Ernst Flink initially approached appellant regarding a matter which related, however remotely, to an undisputed aspect of his employment keeping the parking lot free from litter. His personal concern that there be no encroachment upon the quiet enjoyment of his place of residence may have played an integral part in his conduct, but that question is not now before us. Whether the assault occurred within the scope of his employment or was a personal adventure is a question which must be evaluated on a factual basis. Since there is some indication that the shooting was the outgrowth of a job related encounter the motion for summary judgment should not have been granted.


To invoke this theory of liability, appellant must establish that appellee knew or should have known that its employee regularly ejected trespassers while armed, and that the employer failed to take reasonable precautionary measures in supervising him. Aside from the question of vicarious liability, appellee may be directly liable if it failed to exercise reasonable care to avoid harm under the circumstances. Under this approach to liability, the employer's duty to supervise is not merely to be judged by the concept of respondeat superior. Rather, it is an allegation of direct negligence and "[t]his duty extends even to activities which, . . . [sometimes] are outside the scope of employment." See International Distributing Corp. v. American District Telegraph Company, 186 U.S.App.D.C. 305, 308, 569 F.2d 136, 139 (1977).

Recognizing that an employer is not an insurer, § 213 of the RESTATEMENT (SECOND) OF AGENCY (1957) defines negligent supervision as follows:

*64 A person conducting an activity through servants or other agents is subject to liability for harm resulting from his conduct if he is negligent or reckless: (a) in giving improper or ambiguous orders or in failing to make proper regulations; or (b) in the employment of improper persons or instrumentalities in work involving risk or harm to others; (c) in the supervision of the activity; or (d) in permitting, or failing to prevent, negligent or other tortious conduct by persons, whether or not his servants or agents, upon premises or with instrumentalities under his control.

The present record reveals that Mr. Flink, with the knowledge of his supervisor, John Aiker, frequently took evening walks around the grounds, and that he had previously confronted youths in the parking lot. We agree with the trial court that the mere fact that "Mr. Flink may have made a chance remark a year before the incident does not support the inference that defendant was put on notice that Mr. Flink carried a gun or had a propensity to use one." This circumstance, however, does not defeat appellant's claim for negligent supervision as "[o]ne who engages in an enterprise is under a duty to anticipate and to guard against the human traits of his employees which unless regulated are likely to harm others." Id. comment g, p. 461.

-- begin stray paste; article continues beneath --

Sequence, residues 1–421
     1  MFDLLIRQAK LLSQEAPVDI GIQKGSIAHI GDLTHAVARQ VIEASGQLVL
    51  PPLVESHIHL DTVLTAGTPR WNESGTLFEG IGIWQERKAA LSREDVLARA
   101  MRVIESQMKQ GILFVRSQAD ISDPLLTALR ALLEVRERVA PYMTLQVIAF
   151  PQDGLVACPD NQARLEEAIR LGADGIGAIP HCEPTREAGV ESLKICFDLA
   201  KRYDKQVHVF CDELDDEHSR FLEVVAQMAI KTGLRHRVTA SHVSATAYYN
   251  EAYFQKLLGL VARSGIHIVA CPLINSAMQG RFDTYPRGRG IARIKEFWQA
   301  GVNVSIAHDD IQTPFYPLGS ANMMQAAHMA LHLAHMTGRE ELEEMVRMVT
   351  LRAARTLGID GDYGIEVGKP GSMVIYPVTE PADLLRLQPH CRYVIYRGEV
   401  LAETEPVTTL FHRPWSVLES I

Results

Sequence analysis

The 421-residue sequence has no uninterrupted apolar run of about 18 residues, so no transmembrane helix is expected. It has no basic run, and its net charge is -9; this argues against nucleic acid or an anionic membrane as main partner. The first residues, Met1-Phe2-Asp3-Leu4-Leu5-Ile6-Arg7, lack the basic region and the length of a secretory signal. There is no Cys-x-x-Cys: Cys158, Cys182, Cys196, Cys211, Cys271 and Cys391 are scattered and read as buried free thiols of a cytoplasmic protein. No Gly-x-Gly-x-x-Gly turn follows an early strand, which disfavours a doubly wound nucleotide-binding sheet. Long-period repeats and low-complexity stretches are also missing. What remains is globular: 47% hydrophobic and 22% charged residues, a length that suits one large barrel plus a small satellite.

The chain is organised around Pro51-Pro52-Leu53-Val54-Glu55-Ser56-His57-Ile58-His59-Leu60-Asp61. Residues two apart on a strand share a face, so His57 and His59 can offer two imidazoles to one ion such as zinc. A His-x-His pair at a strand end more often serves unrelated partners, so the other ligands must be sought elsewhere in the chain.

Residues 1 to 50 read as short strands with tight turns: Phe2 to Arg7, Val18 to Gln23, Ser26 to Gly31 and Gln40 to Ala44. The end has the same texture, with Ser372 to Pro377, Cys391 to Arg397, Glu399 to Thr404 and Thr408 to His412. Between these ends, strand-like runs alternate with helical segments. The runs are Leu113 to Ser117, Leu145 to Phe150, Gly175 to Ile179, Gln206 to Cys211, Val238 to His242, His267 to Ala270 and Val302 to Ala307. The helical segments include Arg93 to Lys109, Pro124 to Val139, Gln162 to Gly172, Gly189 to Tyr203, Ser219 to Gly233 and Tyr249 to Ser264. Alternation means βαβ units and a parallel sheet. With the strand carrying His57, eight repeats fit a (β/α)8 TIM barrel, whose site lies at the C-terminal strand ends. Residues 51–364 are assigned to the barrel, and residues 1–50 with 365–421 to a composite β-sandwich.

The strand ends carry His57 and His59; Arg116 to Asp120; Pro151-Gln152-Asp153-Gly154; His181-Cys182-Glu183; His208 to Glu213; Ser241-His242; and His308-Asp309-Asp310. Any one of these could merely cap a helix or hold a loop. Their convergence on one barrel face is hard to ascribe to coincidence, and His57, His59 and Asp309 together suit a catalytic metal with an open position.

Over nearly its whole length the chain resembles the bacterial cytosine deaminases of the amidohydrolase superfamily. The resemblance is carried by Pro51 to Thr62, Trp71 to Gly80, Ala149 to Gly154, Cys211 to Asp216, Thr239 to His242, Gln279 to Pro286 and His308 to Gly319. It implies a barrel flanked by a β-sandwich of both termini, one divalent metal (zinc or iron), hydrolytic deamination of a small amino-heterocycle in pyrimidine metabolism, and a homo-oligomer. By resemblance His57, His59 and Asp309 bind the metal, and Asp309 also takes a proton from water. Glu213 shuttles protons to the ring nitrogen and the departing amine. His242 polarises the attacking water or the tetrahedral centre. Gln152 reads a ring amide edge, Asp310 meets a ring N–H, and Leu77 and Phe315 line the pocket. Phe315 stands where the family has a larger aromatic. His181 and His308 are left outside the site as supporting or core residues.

Given the conflicting state of the evidence, direct and circumstantial, we are compelled to conclude that appellee did not meet the summary judgment standard that there was no genuine issue of material fact as to this aspect of the case.[4]

Accordingly, the summary judgment on these two counts of the complaint must be reversed and remanded for trial.

Reversed and remanded.

NEBEKER, Associate Judge, dissenting:

I am unable to agree with the majority that there exists any issue of material fact in this case requiring reversal of the summary judgment motions granted below. First, in order for appellant to succeed on the basis of respondeat superior, the shooting of appellant by Flink must be determined to have occurred within the scope of Flink's employment. Penn Central Transportation Co. v. Reddick, 398 A.2d 27, 29 (D.C.1979). While vicarious liability for intentional torts now extends beyond actions specifically authorized by the employer, it is limited to "situations where the employment provides a `peculiar opportunity and. . . incentive for such loss of temper,' W. PROSSER, Law of Torts § 70 at 466, as where an argument is likely by virtue of the servant's duties, and the conduct is wholly or partially in furtherance of the master's business." Penn Central Transportation Co. v. Reddick, supra, 398 A.2d at 31. An employer is not responsible for its employee's conduct where the employee's actions constitute a marked and decided departure from the employer's business.

The issue to be decided, then, is "whether the conduct in question is `so unforeseeable as to make it unfair to charge the employer with responsibility.'" Id. at 30. "When a servant's conduct is wholly unprovoked, highly unusual, and outrageous, these facts alone may be sufficient to indicate that the motive for an intentional tort was personal." W. PROSSER, Law of Torts § 70 at 465.